Bittercress / Wild Mustard:  Look for the distinctive "lyrate" leaves and four-petaled flowers.  (Each leaf has a larger lobe at the tip, then a series of smaller lobes along the central vein).  These spicy flowers, stems, and leaves are pretty good by themselves, with sharp cheeses like cheddar or blue cheese, or with a mustard-friendly dressing such as honey-lemon-cardamom-flavored sour cream. 

All mustard-family flowers have four petals, four sepals, four tall stamens, and two very short ones, grouped around a central pistil.   Flowers are typically white (like wild bittercress and garden arugula) or yellow (like broccoli and garden mustard greens) and highly edible.  Wild mustards may interbreed with your garden brassicas, creating unusual hybrids if you let them self-seed. 

Sheep Sorrel: Tart and tangy, a little of this goes a long way (due to oxalic acid content).  Look for ovoid leaves, almost like plantain, but with two sheepish "ears" by the stem.  They are tender and tart at this time of year.  Substitute for lemon in dressing or tabouleh, or use it to balance bitter greens in a salad.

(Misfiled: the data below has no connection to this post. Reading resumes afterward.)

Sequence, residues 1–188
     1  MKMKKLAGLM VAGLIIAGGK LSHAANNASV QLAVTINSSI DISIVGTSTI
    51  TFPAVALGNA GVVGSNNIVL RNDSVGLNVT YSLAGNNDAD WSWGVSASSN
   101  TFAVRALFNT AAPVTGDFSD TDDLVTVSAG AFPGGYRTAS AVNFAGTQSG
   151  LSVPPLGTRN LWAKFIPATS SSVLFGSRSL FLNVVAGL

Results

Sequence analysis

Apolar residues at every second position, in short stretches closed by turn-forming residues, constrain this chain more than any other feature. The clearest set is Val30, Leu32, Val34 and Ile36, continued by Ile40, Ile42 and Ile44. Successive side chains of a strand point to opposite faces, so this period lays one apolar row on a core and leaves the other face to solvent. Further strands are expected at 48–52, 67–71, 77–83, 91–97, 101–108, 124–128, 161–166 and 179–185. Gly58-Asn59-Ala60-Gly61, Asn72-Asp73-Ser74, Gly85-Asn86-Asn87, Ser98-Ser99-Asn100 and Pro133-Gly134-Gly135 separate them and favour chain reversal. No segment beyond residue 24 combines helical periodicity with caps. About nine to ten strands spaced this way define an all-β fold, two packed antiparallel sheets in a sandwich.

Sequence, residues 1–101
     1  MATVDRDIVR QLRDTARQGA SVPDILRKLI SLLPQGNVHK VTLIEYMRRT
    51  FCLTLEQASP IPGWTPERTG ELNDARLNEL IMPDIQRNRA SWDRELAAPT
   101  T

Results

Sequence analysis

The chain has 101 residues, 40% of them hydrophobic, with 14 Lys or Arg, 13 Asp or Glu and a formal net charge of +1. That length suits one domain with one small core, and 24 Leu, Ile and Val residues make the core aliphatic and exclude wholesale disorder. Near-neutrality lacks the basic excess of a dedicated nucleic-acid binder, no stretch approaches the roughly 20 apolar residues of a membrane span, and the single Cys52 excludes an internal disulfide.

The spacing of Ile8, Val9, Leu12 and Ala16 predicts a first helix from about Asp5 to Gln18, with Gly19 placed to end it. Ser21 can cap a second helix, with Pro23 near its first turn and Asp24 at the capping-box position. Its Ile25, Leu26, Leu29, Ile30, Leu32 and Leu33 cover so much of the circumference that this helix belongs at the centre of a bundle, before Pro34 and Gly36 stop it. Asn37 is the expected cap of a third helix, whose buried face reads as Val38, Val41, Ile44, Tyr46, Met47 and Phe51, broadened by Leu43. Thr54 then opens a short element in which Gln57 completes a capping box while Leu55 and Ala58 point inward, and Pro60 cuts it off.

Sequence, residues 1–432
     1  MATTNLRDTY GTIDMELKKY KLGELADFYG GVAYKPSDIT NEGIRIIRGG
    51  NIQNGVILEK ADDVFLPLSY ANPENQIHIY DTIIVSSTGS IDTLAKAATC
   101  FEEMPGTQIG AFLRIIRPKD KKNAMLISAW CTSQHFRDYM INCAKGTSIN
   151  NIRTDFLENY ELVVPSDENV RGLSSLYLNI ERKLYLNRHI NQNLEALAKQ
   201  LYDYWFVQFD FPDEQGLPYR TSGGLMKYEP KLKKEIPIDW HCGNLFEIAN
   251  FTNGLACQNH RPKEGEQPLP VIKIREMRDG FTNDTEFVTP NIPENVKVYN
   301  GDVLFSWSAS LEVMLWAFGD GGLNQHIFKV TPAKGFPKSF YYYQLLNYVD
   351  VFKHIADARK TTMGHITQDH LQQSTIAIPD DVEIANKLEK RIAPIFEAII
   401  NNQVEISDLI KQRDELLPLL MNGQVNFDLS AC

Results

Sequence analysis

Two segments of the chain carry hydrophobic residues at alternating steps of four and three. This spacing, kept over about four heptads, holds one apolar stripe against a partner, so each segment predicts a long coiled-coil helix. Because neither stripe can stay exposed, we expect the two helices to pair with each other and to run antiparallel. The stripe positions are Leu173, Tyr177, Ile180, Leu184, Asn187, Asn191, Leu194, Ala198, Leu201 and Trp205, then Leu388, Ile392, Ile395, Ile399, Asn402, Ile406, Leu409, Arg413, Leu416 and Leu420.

Clover: Forbs, rhizomes, and blossoms are edible and faintly sweet.  Imported agricultural clover blossoms make a nice herbal tea; our native clover's rhizomes are hefty enough to be boiled up as a snack.  Plus, it adds nitrogen to the soil for other plants.

Chickweed:  Some of my friends call this "corn salad," easy to remember because it tastes a bit like sweet corn.  There is another "corn salad," Valerianella (v. radiata, v. locusta).  Both stellaria media and Valerianella ssp are edible, and they look and taste fairly similar.  S. media is shown here.